What do charlatans like Joel Osteen offer? They offer not the "I AM" of Scripture but the "I AM" of the flesh. Osteen writes,
Rather than being down on ourselves and discrediting who we are and focusing on all of our flaws, I wonder what would happen if all through the day - not in front of other people, but in private - we were to be as bold as David was and say, "I am amazing. I am wonderful. I am valuable." When you talk like that, amazing comes chasing you down. Awesome starts heading in your direction. You won't have that weak, defeated, "I'm just average" mentality. You'll carry yourself like a king, like a queen.
The "I AM" of Joel Osteen is fallen man - an appallingly cheap substitute for the One who alone is "Wonderful, Counselor, Almighty God, the Everlasting Father, the Prince of Peace" (Isaiah 9:6).
The tragic fruit of that kind of thinking - walking not according to the Spirit but according to the flesh, diminishing the glorious Christ in His resurrected power and elevating sinful, wretched flesh - is all around us in the post-evangelical church. When adversity comes there is a fearful doubting of God, instead of a confidence in the Word of God and the testimony of Jesus Christ. All kinds of wrong thoughts can come into the heart of an individual, and into the thinking of the church, when flesh-centered thinking takes hold because of ignorance of Christ and His Word.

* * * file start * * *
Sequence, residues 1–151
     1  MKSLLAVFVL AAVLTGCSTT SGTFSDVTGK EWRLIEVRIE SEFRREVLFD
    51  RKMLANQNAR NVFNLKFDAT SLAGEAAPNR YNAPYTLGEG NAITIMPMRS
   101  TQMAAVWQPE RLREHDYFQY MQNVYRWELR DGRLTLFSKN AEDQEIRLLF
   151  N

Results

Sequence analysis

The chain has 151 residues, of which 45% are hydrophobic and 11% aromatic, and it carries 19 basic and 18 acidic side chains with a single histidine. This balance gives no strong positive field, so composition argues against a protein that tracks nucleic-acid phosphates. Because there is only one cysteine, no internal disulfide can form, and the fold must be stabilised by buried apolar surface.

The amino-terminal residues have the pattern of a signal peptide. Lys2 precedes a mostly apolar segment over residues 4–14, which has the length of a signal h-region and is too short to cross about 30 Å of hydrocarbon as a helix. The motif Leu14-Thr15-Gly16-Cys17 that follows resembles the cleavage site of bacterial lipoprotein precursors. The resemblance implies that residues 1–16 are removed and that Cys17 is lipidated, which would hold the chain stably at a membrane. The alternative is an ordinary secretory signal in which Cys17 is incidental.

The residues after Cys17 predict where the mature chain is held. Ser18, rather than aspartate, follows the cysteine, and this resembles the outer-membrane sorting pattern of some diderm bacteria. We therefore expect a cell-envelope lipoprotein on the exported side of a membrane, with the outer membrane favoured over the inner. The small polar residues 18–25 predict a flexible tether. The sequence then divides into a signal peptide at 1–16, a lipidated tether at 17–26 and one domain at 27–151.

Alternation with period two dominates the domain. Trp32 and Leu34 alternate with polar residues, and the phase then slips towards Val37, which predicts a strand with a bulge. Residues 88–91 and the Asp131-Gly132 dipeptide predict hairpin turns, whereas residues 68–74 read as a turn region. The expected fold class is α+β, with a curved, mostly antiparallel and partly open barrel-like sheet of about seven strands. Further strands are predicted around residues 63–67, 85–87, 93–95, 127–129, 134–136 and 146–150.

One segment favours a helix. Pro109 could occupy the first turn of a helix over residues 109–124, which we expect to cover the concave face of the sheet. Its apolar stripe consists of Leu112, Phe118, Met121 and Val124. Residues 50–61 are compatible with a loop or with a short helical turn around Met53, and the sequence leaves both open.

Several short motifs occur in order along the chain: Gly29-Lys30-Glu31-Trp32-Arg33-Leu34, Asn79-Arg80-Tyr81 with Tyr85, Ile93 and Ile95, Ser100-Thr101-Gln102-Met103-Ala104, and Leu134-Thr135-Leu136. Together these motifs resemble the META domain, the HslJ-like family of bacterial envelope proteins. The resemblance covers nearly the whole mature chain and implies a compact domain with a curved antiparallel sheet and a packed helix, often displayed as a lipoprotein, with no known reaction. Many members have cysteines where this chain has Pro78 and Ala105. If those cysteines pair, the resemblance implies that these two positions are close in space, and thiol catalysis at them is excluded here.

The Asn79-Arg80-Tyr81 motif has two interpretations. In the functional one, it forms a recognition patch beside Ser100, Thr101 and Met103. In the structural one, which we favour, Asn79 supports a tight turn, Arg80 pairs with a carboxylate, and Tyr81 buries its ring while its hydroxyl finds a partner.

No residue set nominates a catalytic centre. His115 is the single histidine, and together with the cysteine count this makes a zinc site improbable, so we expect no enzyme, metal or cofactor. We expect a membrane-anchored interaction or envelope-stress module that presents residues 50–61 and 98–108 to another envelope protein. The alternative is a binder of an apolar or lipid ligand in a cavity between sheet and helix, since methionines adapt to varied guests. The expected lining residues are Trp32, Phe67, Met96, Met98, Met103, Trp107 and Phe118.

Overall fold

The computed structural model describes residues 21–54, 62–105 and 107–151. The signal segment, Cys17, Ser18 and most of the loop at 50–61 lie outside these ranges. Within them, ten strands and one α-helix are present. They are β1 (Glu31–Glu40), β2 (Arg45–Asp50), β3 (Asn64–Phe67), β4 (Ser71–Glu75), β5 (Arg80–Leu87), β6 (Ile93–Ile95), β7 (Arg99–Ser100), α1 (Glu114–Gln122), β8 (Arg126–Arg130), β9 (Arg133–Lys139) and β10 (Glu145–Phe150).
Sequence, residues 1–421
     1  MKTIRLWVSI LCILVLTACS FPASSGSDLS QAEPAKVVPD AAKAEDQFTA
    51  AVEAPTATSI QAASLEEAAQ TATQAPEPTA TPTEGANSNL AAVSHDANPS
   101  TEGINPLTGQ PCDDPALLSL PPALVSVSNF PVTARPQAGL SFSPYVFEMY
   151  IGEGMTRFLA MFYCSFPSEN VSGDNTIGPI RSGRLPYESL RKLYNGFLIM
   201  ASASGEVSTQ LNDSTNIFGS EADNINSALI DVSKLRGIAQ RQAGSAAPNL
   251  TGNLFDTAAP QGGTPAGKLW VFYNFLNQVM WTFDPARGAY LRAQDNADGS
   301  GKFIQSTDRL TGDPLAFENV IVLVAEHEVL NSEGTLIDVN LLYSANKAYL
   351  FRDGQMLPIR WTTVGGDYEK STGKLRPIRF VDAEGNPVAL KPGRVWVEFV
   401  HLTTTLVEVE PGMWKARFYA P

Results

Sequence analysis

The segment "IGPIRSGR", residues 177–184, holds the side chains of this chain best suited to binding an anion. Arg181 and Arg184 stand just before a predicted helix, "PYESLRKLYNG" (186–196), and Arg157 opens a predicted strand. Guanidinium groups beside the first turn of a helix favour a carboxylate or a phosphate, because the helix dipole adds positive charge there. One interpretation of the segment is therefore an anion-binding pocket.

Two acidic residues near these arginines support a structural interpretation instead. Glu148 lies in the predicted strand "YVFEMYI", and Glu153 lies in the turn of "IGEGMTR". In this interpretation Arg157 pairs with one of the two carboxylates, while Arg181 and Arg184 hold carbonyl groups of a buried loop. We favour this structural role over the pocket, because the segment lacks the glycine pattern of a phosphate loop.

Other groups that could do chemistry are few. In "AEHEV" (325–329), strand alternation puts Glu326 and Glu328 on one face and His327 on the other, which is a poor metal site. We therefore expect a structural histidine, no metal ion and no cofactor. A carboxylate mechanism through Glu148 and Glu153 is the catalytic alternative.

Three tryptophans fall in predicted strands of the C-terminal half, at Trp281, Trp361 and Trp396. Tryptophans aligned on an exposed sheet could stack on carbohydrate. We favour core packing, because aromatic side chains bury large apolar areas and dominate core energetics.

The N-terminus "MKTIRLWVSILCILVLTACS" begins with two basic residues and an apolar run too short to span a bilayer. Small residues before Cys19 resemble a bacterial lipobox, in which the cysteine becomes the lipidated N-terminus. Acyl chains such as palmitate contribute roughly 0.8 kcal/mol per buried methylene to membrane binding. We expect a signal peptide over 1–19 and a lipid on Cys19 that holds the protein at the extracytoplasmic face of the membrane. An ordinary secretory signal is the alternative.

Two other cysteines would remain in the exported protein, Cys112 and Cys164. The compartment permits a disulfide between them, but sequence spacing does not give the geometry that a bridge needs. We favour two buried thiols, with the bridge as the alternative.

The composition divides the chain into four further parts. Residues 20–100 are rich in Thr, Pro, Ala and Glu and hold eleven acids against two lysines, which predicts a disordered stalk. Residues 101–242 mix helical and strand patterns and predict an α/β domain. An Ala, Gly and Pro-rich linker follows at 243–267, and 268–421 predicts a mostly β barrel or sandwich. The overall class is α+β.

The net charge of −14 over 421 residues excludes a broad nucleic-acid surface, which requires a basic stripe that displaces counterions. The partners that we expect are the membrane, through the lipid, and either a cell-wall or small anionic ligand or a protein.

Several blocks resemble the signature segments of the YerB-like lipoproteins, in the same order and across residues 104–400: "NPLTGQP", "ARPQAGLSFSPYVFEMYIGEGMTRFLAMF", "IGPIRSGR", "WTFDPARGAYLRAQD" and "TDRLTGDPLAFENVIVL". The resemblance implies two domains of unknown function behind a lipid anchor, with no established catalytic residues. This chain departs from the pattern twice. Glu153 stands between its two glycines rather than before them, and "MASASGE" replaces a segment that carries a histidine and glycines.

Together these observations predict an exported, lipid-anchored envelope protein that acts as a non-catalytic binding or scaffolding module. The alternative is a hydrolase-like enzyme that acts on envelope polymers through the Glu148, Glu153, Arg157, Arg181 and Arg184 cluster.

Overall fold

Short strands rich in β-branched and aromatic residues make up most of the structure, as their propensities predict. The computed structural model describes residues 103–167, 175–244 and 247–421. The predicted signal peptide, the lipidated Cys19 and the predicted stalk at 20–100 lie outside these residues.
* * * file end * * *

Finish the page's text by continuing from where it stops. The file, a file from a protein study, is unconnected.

As I mentioned previously in this series, several times in his epistles the Apostle Paul uses a particular attention-getting phrase. He says, "I do not want you to be ignorant, brethren." I want you to have understanding. God does not want you to walk in ignorance, as so many people who call themselves Christians are doing. God wants you to have super-abounding joy and peace in believing, by the power of the Holy Spirit. The Scriptures tell you of that hope and confidence. Jesus Christ is the confirmation and fulfillment of that hope and confidence. And God the Holy Spirit lives within you to make that hope and confidence a reality, as you walk with the Lord through this life and onward toward glory.
Never forget your hope that is founded on Christ and His Word, dear Christian. And never accept any cheap substitutes for it. Join in the testimony of the hymn writer,
My hope is built on nothing less
than Jesus' blood and righteousness;
I dare not trust the sweetest frame,
but wholly lean on Jesus' name.
When darkness veils His lovely face,
I rest on His unchanging grace;
In every high and stormy gale,
my anchor holds within the veil.
His oath, His covenant, His blood,
support me in the whelming flood;
When all around my soul gives way,
He then is all my hope and stay.
When He shall come with trumpet sound,
O may I then in Him be found:
Dressed in His righteousness alone,
faultless to stand before the throne.
On Christ, the solid Rock, I stand:
All other ground is sinking sand;
All other ground is sinking sand.
1. Joel Osteen, The Power of I Am: Two Words That Will Change Your Life Today (New York: Faith Words, Hachette Book Group, 2015) page 5.